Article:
This vintage coat was made in the 1950s-1960s by the Hudson’s Bay Comapny from their iconic multi-stripe point blankets. This style was produced in the 1950s and 1960s and was joined by and later replaced by a double breasted design. This one has a modified shawl collar and high button stance. It has buttons for the rarely seen and rarely used button-on hood, which is not included with this jacket.

Chest (pit to pit): 22″ (doubled = 44″)
Shoulder to shoulder: 16″
Sleeve (shoulder to cuff): 24″
Length (base of collar to hem): 31″

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1960s Hudson’s Bay Point Blanket coat

http://www.ebay.com/itm/271404687198
This vintage coat was made in the early 1960s by the Hudson’s Bay Company from their iconic multi-stripe point blankets. It is their “Olympic” model, a belted, double breasted style with tab adjusters at the wrists, handwarmer pockets at the chest and patch pockets on the hips. The style was made, essentially unchanged, since the 1920s. Whereas some blanket mackinaws of this style were made using the Hudson’s Bay fabric by other manufacturers, this one was made and sold by Hudson’s Bay themselves. This is the same style and era as was worn by the Canadian Olympic team at the 1964 Innsbruck Winter Olympic games. The stripes on this one are inverted from what most are – usually you see the indigo stripe on the bottom. However, even looking at the photos of the Canadian Olympic team all wearing matching versions of this coat, a percentage have this rarer flipped design. The position of the stripes relative to the features of the coats differ in nearly every coat in those pictures as well. I suppose each cutter had their own way of positioning the pattern. The coat is fully lined, which, along with the particular style of label, distinguish it from earlier manufacture coats.

Chest (pit to pit): 24″ (doubled = 48″)
Shoulder to shoulder: 20″
Sleeve (shoulder to cuff): 26″
Length (base of collar to hem): 35″

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1930s Shanhouse Hudson’s Bay Point Blanket Mackinaw Coat

http://www.ebay.com/itm/281263182073
This vintage mackinaw coat was made around 1936 by W. Shanhouse and Sons of Rockford, Illinois. Shanhouse Sportswear was a well known maker of the time, producing high quality mackinaws, like this one, as well as a variety of leather jackets. At the time, the Hudson’s Bay Point blanket wool option was the most expensive mackinaw available from Shanhouse. Hudson’s Bay blanket wool was prized for its extreme warmth, wind blocking, vibrant color and luxurious nap. This red and black color scheme was probably the most popular, followed by the multi-stripe.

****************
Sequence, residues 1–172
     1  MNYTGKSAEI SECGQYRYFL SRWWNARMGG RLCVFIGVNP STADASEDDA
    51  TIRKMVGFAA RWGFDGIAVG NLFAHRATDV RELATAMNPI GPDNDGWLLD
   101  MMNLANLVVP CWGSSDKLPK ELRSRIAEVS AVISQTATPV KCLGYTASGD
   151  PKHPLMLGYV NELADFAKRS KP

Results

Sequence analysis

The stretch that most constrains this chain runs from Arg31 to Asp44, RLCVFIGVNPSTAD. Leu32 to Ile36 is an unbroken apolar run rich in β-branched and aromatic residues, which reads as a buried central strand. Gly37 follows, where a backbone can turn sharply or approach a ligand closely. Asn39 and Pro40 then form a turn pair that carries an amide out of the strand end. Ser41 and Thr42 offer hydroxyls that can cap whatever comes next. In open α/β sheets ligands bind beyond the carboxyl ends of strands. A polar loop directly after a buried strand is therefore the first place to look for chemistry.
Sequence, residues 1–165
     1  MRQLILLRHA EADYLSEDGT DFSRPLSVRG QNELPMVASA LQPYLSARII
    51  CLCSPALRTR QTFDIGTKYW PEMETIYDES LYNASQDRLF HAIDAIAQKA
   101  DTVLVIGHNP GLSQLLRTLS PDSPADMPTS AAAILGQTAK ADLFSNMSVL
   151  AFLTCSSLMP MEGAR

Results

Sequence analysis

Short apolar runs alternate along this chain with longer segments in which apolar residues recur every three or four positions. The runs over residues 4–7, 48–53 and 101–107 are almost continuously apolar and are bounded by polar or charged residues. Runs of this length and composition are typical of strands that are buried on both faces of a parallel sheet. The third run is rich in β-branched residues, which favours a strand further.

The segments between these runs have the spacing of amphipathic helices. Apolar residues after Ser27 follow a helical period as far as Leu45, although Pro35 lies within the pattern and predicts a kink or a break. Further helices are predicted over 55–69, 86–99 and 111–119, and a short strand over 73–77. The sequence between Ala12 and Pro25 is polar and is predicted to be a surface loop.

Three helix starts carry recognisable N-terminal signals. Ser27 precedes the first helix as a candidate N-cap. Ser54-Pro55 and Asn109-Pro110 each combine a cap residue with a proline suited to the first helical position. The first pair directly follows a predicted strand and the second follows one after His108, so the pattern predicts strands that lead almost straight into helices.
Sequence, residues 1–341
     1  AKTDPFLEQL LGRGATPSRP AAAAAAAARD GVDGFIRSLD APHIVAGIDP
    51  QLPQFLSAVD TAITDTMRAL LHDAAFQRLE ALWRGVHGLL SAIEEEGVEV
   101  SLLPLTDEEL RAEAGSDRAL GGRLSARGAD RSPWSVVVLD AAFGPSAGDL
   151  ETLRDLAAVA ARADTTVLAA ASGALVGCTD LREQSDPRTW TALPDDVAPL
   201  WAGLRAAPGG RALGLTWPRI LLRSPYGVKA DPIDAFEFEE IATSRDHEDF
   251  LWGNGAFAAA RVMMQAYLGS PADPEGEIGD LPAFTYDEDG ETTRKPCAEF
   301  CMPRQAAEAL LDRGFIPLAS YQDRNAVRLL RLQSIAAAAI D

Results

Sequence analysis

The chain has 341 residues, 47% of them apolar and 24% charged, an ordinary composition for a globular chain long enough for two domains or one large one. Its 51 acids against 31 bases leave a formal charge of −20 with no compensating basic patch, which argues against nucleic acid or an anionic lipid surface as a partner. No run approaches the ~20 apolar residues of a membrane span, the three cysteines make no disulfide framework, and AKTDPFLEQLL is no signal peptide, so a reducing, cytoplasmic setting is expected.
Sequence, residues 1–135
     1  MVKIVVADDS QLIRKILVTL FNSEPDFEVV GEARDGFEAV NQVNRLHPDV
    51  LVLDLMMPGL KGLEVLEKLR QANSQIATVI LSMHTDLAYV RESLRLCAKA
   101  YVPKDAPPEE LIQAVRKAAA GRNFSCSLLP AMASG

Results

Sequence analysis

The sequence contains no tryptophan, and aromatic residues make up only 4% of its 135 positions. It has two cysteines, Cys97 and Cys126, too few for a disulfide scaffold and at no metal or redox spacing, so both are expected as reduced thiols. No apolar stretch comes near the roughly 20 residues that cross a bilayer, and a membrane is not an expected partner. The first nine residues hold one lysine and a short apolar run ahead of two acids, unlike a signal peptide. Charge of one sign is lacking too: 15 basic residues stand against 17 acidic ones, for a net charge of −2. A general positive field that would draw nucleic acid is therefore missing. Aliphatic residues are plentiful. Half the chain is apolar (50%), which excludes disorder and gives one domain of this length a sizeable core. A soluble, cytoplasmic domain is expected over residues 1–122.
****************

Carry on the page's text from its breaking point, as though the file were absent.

I’ve sold a lot of these blanket mackinaws, and I think this one may be my favorite design so far. It has wide, pointed lapels, with the black stripe positioned underneath for a bit of extra “pop”. This one retains its original hood, attached under the collar with a red knit wool panel for a bit of stretch when worn. The hood spreads when not in use, doing up with a Talon zipper with a rare sunburst bell-shaped puller. Whereas many of these coats had pressed metal buckles, or leather covered ones, this one has a high quality, heavy duty cast buckle. The buttons are original and have a nice red swirl pattern to them. The ones on the sleeves have turned a bit more brown over the years. Instead of regular patch pockets, this one has fancy saddlebag pockets, and uses the red and black of the stripe nicely for contrast.
As is typical on these earlier mackinaws, this one is unlined. The blankets used on these earlier Hudson’s Bay Blanket coats were of much higher quality than later ones, thicker, denser and with a deeper nap. Compare a 1930s coat to a 1970s one and you’ll see what I mean. The points on this coat are located on the side seam. This one features an extra-large version of the Hudson’s Bay label, and a wonderfully designed “Shanhouse” label. The coat bears a United Garment Workers of America “Duck Goods” union label.

Chest (pit to pit): 22″ (doubled = 44″)
Shoulder to shoulder: 18″
Sleeve (shoulder to cuff): 26-1/2″
Length (base of collar to hem): 33″